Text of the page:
Some items of note from the past week or so, in no particular order. First, the Guardian gives a brief summary of something we probably already knew, and that whisky is embracing change like never before:
There must have been a time when the whisky industry despaired of shaking off its pipe-and-slippers image. Sales were stagnant; whisky was perceived as something only your grandad drank. It was resolutely uncool. Suddenly, though, in a dream scenario for the distillers, that situation seems to have been reversed. Rare whiskies are fetching insanely high prices, live whisky events are a sell-out (and attracting considerable numbers of women) and new styles of whisky are being launched all the time. And now two sacred shibboleths are being demolished: that only old whiskies and single malts are worth drinking.
I know it’s common knowledge, but it is good to see whisky getting more discussion in the mainstream press. The Telegraph gets ready for Burns Night, and takes a look at pairing whiskies with food. They chat to whisky guru Rachel Barrie:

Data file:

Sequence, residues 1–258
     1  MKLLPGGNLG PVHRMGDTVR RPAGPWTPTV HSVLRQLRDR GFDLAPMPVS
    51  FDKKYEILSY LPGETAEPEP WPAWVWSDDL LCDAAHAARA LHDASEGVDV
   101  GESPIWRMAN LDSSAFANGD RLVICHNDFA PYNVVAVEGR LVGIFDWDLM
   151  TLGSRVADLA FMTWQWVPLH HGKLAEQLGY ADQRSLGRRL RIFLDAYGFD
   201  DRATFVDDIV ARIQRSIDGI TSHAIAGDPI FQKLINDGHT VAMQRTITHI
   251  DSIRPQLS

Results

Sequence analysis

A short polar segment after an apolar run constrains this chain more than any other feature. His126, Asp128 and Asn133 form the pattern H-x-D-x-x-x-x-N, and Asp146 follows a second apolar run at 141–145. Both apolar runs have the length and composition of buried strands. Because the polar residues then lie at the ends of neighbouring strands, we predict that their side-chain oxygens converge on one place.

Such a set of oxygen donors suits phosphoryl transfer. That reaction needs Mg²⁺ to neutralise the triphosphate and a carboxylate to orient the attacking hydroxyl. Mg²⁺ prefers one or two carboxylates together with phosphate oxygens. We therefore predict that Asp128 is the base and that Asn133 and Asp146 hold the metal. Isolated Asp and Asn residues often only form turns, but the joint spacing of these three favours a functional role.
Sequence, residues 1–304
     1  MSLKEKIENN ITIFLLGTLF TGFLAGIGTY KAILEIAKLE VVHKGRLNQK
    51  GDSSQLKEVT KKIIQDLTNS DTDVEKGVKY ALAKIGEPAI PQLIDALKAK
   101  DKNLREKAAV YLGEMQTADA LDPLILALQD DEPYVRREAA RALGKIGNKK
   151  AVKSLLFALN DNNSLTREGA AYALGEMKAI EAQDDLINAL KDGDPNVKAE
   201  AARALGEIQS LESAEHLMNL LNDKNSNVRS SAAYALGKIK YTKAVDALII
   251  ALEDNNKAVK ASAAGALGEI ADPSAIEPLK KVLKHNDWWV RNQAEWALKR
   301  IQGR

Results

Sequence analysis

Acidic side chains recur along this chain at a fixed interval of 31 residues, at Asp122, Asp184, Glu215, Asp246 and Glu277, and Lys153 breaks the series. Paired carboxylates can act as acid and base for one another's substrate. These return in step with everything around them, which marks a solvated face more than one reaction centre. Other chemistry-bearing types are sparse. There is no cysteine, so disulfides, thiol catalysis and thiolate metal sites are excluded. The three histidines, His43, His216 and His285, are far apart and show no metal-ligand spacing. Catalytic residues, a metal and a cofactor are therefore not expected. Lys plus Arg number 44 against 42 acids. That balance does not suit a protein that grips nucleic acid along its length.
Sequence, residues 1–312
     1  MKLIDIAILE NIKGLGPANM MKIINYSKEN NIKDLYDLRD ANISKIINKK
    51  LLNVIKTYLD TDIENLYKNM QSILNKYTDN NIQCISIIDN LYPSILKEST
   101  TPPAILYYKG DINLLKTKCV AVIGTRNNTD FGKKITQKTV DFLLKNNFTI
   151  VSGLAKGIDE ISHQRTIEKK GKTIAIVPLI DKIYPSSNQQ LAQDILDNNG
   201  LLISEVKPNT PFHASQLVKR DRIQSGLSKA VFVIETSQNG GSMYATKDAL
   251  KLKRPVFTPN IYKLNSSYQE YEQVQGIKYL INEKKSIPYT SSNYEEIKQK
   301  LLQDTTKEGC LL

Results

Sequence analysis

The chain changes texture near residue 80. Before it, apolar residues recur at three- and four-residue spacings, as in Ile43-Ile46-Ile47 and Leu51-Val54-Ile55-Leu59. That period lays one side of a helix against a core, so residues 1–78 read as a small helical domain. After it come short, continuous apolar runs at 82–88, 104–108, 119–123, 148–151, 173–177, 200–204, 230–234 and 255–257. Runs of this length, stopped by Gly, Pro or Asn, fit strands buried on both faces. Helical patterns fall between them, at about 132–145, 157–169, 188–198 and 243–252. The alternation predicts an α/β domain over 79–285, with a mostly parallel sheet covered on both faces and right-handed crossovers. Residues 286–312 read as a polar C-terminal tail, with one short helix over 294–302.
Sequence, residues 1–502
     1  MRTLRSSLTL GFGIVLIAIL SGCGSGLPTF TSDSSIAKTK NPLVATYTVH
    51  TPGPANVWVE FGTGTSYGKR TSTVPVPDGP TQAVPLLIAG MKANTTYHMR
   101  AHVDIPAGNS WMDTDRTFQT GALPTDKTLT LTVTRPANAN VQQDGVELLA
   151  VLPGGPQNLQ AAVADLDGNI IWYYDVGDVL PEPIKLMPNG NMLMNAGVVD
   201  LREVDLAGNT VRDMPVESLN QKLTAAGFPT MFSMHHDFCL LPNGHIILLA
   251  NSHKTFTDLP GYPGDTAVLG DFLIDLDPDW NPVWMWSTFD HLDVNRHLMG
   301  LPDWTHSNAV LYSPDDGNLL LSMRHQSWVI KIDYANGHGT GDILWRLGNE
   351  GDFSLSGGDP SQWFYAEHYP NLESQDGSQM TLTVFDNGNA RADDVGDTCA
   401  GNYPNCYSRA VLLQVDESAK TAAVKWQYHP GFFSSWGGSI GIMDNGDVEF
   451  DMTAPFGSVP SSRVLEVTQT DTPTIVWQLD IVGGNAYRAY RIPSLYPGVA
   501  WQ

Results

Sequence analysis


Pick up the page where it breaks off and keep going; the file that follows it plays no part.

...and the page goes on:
Whenever Rachel Barrie takes a sip of whisky, she goes on a journey in her head. Smoky whiskies send her sailing on the rough seas; dark, sweet whiskies have her foraging for autumn berries; light, breezy malts have her at a summer garden party. She was given her first job in whisky in 1991, when she identified 20 different bottles by nose alone. Twelve years later, she became the first female Master Blender in history. In short, the woman is something of a savant.
On the subject of Burns Night, Forbes looks at the best places in London to have a dram to celebrate:
Despite all the talk of Scotland wanting to become independent, way down south of the border in the “English” capital of London, you can expect a flurry of tartan this week.
Why? Because Friday 25th January is Burns Night, when the Scottish diaspora — this writer among them — and anyone with a taste for whisky (not Scotch, please, we are talking about the finest single malts) gather to toast the haggis and recite the poems of “Rabbie” Burns, the Highland bard.
The whisky will be transferred in March from Ross Island to Shackelton’s abandoned hut at Cape Royds and replaced beneath it as part of a programme to protect the legacy of the heroic era of Antarctic exploration from 1898 to 1915.Bottled in 1898 after the blend was aged 15 years, the Mackinlay bottles were among three crates of Scotch and two of brandy buried beneath a basic hut Shackleton had used during his dramatic 1907 Nimrod excursion to the Antarctic.